Homestead City Council met for its committee of the whole meeting on Tuesday March 9, 2021.
Meeting first as the CRA Board, the six-member Council approved two commercial enhancement grants for local businesses. Matching funds are required for these awards.
The Avocado Animal Hospital at 426 N. Krome Avenue was awarded $25,000 for exterior improvements – fencing, painting, stucco repair and parking lot resurfacing. The owners, the Gomez family, already planned $67,843 in exterior improvements and $500,000 to retrofit the building’s interior.
Paramount Dance Studio at 112 N. Krome Avenue, on Losner Park, was given $25,000 for new signage and for ballet barres in two rooms. The match requirement was 90% to 10%. The Studio’s representative said they are open to any style or structure of signage over the rear entrance to the property when asked if their sign might clash with the new Losner Park aesthetic.
Council approved the City’s pre-application public hearing for COVID funds from the state Department of Economic Opportunity for $502,061. HUD will grant the funds as a CDBG after a second public hearing and then a final public session.
Councilmember Jenifer Bailey suggested some funds be used for transportation to vaccine sites.
The City’s annual CAPER report to HUD measuring the CRA’s performance was approved unanimously.
Council moved to approve annual City insurance renewals through the local Brown & Brown brokerage, in these amounts:
Property insurance (excluding the power plant) for a premium of $657,623, a 9.9% increase due to “delayed loss recognition of hurricanes in 2017/2018”.
Property insurance for the power plant and substations at $316,952 including machinery coverage at $108,364, a 14.7% increase.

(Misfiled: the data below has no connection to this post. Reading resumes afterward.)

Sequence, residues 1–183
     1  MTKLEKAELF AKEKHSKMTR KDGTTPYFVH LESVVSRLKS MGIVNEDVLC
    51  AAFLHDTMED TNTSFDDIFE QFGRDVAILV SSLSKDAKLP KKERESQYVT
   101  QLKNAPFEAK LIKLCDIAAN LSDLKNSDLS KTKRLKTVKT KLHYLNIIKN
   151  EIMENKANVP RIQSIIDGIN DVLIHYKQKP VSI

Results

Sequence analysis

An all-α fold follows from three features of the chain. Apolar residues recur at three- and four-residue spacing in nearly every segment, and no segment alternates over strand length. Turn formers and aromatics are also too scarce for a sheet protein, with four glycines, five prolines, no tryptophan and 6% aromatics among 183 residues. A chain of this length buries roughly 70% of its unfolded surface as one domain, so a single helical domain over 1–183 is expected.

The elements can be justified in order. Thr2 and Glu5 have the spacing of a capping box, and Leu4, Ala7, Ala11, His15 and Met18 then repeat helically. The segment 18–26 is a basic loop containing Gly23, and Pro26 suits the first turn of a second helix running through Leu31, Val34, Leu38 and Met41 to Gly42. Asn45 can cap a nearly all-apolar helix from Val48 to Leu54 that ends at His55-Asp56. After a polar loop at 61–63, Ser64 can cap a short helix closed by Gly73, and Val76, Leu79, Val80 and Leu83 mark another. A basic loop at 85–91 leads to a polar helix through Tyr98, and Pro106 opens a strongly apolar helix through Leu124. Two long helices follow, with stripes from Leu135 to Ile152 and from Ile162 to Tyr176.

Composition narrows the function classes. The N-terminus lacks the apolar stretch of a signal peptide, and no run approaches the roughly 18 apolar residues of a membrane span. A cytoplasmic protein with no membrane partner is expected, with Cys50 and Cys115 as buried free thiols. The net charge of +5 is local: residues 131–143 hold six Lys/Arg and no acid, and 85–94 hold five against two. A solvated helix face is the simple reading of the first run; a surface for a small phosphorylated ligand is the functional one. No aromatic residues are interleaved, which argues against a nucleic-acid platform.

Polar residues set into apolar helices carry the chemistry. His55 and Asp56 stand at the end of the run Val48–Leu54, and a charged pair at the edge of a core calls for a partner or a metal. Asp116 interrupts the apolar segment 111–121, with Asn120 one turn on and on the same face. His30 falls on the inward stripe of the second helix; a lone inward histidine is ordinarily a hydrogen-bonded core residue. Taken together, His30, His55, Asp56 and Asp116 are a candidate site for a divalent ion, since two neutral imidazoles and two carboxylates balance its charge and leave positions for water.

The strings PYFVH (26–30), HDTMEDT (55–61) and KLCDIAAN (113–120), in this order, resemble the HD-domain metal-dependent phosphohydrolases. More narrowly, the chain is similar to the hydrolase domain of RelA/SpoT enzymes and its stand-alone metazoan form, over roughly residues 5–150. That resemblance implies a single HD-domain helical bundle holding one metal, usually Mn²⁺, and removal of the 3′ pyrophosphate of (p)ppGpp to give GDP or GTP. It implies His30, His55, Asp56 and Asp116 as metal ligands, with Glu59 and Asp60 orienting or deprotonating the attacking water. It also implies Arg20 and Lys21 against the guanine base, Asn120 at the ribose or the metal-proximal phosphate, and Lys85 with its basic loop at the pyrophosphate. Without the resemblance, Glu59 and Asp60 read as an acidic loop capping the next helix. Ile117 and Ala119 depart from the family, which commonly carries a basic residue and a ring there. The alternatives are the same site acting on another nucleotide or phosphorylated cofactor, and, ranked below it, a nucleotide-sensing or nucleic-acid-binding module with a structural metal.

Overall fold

Property insurance for City Hall and the Police Station at $125,920, a 13.8% increase.
Terrorism insurance for the City renewed at $48,969, the same as last year.
Property insurance for the Cybrarium at $40,000, providing an insured value of $13,786,541 with a 3% windstorm deductible.
At this point, Mayor Steve Losner who joined the session by phone announced Council would be losing its quorum momentarily. The City Manager was asked if any of the remaining ten agenda items were time-sensitive. She replied that all could be handled next week at the Council meeting.
Council will consider these five successful grants at next Wednesday’s meeting:
FEMA send the City an agreement for a hazard mitigation grant of $2,202,267.60. The money is to replace 1560 overhead wooden utility poles that FEMA terms “for resilient electrical utility infrastructure installation”.
Florida Department of Transportation provided a grant of $45,000 in law enforcement overtime for vehicular occupant protection, presumably seatbelts, for education and enforcement. No matching funds were required.
The Attorney General’s office amended a victim advocacy training grant to increase it by $42,125 to a total of $168,502, to be matched with COVID PPE funding.
Two Florida Department of Economic Opportunity grants were approved to provide critical facility hardening programs. The first is for $1,674,000 to protect the Wittkop Park Water Treatment Facility. The second is for $2,700,000 to provide a back-up generator at the Waste Water Treatment Facility, no matching funds required.